Want to make crêpes like a Parisian? We chatted up Martha
Holmberg, author of Crêpes: 50 Savory and Sweet Recipes and snagged her favorite batter recipe and how-to
for this favorite French street fare.
“If you’re new to crêpe-making,” Martha says, “prepare to
mess up the first crêpe (or even more), as you get the hang of swirling the
batter into the pan, having your pan at the right temperature and the timing.
My advice is to make a double or triple batch of these
crêpes. Spend 45 peaceful minutes making them, and then tuck them into your
freezer in packets of around eight crêpes each. Then you’ll have the best fast
food option on the planet at your fingertips.”
The best basic crêpe recipe ever
Makes 15 to 18 8-inch crêpes (depending on how many
you mess up at first!)
1 3/4 to 2 1/4 cups whole milk
4 large eggs
1/2 tsp kosher salt
1 1/2 cups all-purpose flour
6 tbsp unsalted butter, melted (preferably brown butter; see
below), plus regular unsalted butter for the pan
Put 1 ¾ cups of the milk, the eggs, and salt into a blender.
Whiz for a few seconds to blend everything together. Remove the lid and add the
flour. Cover and blend until very smooth, about 20 seconds. Remove the lid,
pour in the melted butter, cover, and whiz until combined, 10 seconds more.
Transfer the batter to a large glass measuring cup with a
spout (or a bowl that’s large enough to easily dip a 1/4-cup measuring cup
into). Let the batter rest for at least 5 minutes and up to 24 hours. (If
resting for more than 30 minutes, store in the fridge.) When you’re ready to
make the crêpes, test the batter’s consistency; it should be as thick as heavy
cream but not as thick as pancake batter. If it feels too thick, whisk in up to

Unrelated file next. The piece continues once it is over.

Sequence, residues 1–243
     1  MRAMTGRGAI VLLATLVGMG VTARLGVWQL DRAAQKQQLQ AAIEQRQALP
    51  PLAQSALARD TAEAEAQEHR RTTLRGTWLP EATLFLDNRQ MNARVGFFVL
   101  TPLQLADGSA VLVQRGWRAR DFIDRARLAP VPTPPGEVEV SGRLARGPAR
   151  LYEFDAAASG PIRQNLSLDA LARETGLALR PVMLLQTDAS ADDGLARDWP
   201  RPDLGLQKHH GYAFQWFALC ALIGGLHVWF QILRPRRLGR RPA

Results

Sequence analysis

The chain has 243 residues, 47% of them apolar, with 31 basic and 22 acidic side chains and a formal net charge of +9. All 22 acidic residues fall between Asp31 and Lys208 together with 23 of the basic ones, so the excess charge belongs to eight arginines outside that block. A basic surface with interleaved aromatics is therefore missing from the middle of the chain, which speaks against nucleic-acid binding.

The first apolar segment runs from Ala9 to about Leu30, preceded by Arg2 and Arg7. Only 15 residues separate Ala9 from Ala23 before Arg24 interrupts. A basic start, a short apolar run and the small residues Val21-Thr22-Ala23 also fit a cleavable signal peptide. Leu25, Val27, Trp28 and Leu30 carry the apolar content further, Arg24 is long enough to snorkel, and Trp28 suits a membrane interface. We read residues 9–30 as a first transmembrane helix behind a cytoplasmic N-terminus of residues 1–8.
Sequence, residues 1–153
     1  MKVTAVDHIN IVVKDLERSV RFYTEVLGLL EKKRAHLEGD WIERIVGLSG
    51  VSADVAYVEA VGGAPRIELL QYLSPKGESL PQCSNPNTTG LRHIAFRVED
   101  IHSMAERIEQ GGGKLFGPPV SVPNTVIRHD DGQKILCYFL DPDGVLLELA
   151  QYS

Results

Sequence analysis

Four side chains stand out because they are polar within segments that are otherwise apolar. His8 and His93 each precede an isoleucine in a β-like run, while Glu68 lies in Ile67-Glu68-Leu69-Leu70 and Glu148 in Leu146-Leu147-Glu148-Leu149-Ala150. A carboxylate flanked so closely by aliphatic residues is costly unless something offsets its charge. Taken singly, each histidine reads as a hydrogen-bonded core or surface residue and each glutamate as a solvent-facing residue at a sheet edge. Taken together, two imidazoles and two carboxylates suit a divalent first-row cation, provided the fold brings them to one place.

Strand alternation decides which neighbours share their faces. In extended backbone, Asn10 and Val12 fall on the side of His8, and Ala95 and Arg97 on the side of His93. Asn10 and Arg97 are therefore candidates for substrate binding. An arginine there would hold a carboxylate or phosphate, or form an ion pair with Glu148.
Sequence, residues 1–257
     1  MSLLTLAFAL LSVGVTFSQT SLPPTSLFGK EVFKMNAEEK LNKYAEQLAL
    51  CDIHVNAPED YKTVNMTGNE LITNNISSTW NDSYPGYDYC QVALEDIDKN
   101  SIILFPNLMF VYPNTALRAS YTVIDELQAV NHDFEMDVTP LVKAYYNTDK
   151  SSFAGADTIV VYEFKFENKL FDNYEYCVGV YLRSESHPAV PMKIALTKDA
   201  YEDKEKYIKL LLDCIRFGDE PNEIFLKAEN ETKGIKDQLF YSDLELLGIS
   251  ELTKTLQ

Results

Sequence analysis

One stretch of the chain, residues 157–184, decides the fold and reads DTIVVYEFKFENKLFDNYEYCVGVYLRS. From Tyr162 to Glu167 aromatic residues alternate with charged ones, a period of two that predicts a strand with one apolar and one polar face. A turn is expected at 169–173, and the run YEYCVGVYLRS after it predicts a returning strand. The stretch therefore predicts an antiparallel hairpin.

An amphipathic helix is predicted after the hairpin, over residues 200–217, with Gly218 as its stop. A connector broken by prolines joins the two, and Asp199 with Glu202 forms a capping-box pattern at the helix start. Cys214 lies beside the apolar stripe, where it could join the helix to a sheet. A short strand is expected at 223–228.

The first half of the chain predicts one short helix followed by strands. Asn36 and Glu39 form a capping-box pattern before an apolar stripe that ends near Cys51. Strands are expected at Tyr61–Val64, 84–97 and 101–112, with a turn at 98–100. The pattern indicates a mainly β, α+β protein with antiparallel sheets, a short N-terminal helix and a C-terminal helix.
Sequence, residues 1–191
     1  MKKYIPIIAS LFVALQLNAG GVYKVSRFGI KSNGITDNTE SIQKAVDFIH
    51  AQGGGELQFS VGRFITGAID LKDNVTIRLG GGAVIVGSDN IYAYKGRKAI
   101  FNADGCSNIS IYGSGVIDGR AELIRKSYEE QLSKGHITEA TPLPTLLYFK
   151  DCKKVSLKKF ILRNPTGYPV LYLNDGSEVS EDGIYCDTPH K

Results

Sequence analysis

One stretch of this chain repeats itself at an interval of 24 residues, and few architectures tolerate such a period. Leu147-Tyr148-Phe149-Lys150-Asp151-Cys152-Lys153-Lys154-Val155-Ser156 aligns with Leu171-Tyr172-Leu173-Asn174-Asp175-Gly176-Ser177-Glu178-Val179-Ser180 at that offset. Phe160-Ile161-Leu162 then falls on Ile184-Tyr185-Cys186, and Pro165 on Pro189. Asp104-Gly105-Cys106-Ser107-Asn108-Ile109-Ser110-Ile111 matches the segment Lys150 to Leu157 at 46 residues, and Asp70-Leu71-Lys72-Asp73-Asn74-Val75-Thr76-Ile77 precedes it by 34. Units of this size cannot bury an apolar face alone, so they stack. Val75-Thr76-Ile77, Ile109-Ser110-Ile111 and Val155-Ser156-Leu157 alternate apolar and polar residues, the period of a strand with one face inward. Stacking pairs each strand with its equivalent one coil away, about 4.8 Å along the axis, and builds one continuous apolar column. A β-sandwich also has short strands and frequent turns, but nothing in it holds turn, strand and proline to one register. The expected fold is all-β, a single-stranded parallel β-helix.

1/2 cup more of the remaining milk.
Heat an 8-in crêpe pan or nonstick skillet over medium-high
heat until it’s hot enough to make a drop of water sizzle upon contact. Using a
folded paper towel, spread about 1/2 tsp of butter around the interior of the
pan. The butter should sizzle upon contact, but not instantly turn brown. You
don’t want the pan to be so hot that the butter burns.
Pour about 1/4 cup of the batter into the center of the pan,
and at the same time lift the pan from the heat, tilting and turning it in all
directions so the batter spreads evenly across the bottom of the pan in a thin
circle. If the crêpe has any holes in it, quickly add a few drops of batter to
fill them in. Or, if you have too much batter and the crêpe looks too thick,
immediately pour the excess back into the measuring cup or bowl of batter. You
can always trim off the “tail” that’s left behind later.
Cook the crêpe until the edges begin to dry and lift from
the sides of the pan, and the bottom is nicely browned, about 1 minute. To
check for color, use a table knife, slim off-set spatula, or your fingers to
lift up an edge of the crêpe and look underneath. When the first side is ready,
use the knife, spatula, or your fingers to lift the crêpe and quickly flip it
over. Smooth out any folded edges or pleats and then cook until the center is
firm and the second side is browned, too, about 20 seconds more. The first side
is almost always much prettier and more evenly browned (in these recipes, we’ll
call it the presentation side), while the second side tends to be more spotty.